Now, I’m sure Dean Zahl is aware of this. His essay seems to me, as I said, a sentimental perspective, and not a theological argument; and he has certainly as much right to his sentimental perspective as I want to mine. The fact is, I’m not disturbed at the thought of Morning Prayer as the principle service on Sunday (although I would personally prefer using Morning Prayer as the Liturgy of the Word, not that far from early Anglican practice). Certainly, I miss singing in church the canticles of the offices, whether in traditional or contemporary language.
I would respectfully disagree, though, that some such return to my childhood would be all that Anglican, or at least any more Anglican than the current norms of the Episcopal Church. It seems to me less Anglican practice “without the comfortable and familiar wrapping,” than changing back into some worn, comfortable clothes. I return to such clothes precisely because they’re comfortable; but they’re no more effective as clothes – protecting me from the elements and from inappropriate exposure – than some of the newer items in my closet. (And, believe me, this is not an argument for what is stylish. No one has ever accused me of being stylish in my attire.)
No, while I can appreciate his opinion, I can’t share it. Has “the core… been shrunk to way too little?” So he believes. But, in a Church that believes lex orendi lex credendi, norms of worship can hardly be secondary, however much we might value being comprehensive. And so I cannot agree that considering such matters secondary could ever be considered Anglican.
Wednesday, November 15, 2006
Tuesday, November 14, 2006
According to the AHIP web site,
“The AHIP plan calls for enactment of federal legislation that provides significant financial incentives to states and makes changes to federal tax policy to make health coverage more affordable. Key elements of the AHIP plan include:
* Expanding the State Children’s Health Insurance Program (SCHIP) to make eligible all uninsured children from families with incomes under 200 percent of the Federal Poverty Level (FPL).
* Improving and expanding Medicaid to make eligible all uninsured adults, including single adults, with incomes under 100 percent of the Federal Poverty Line.
* Establishing a Universal Health Account (UHA) to allow all individuals to purchase any type of health care coverage and pay for qualified medical expenses with pre-tax dollars, with federal matching grants for contributions made by working families to the UHA.
* Establishing a health tax credit of up to $500 for low-income families who secure health insurance for their children.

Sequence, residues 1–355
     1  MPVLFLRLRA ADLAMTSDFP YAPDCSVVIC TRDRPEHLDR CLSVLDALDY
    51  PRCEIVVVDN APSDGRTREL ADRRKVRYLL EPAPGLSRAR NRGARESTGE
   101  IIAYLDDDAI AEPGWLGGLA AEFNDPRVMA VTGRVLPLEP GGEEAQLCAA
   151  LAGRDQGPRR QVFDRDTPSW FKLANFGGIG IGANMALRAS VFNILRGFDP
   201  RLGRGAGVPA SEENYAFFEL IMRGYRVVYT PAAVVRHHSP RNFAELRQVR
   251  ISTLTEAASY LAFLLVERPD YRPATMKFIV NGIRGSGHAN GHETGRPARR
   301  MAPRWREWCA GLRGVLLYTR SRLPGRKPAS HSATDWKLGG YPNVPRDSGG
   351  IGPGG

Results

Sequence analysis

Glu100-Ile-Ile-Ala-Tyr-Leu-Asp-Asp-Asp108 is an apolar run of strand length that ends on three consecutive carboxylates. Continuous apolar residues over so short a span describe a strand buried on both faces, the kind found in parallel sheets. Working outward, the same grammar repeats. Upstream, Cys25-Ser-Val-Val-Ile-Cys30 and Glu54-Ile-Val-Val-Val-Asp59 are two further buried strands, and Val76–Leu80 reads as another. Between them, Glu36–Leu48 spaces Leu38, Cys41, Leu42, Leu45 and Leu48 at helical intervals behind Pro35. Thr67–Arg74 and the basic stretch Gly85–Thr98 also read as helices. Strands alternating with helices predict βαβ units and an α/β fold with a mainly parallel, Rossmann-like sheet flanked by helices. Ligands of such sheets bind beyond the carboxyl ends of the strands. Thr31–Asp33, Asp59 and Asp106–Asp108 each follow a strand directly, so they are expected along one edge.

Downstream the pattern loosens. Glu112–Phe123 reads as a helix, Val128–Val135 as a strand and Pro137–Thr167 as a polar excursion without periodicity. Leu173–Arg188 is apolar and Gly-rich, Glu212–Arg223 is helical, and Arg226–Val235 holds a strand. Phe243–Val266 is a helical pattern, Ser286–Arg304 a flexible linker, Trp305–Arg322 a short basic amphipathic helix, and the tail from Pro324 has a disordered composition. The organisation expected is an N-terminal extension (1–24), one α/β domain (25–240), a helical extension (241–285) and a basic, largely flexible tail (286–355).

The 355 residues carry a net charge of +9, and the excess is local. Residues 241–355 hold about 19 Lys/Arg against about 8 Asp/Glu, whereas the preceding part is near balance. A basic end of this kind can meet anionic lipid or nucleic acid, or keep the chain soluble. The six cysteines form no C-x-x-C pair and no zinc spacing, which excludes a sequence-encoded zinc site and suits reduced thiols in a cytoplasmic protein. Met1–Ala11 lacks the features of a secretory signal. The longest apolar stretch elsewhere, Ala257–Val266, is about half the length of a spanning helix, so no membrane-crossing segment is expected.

* Establishing a new $50-billion Federal Performance Grant to assist states in expanding access to coverage.”
According to their estimates, this would allow coverage for all children within three years, and for 95% of adults within ten years, at a cost to the federal government of approximately $300 billion.
In an earlier post, I spoke of meeting with senior staff of one of my senators during the Waging Reconciliation Conference in 2003. At that meeting we discussed association health plans, which the senator supported. I felt at the time that association health plans were a band-aid; a big band-aid, a good band-aid, but a band-aid nonetheless. I find myself with something of the same suspicion about this proposal. It may bring welcome and productive changes. But I wouldn’t call it real reform.
First, it continues to assume that most of us will receive health insurance through an employer. This proposal expands significantly who would be included at the edges, but the center would remain unchanged. I can’t really say that this is a surprise. Any real change would significantly affect the way these companies to business.
With that assumption, it doesn’t seem to provide any assistance to or incentive for small businesses to provide the benefit, or to pay well enough for employees to obtain it themselves. After all, most of those now uninsured or under-insured are employed by companies that don’t provide health care. And if it’s true as we’ve been told that small businesses provide most jobs over all and most entry level jobs, there seems little here to assist those small companies in providing the benefit. Why not instead continue to hold wages down and allow more and more entry-level workers and their families into Medicaid and SCHIP plans?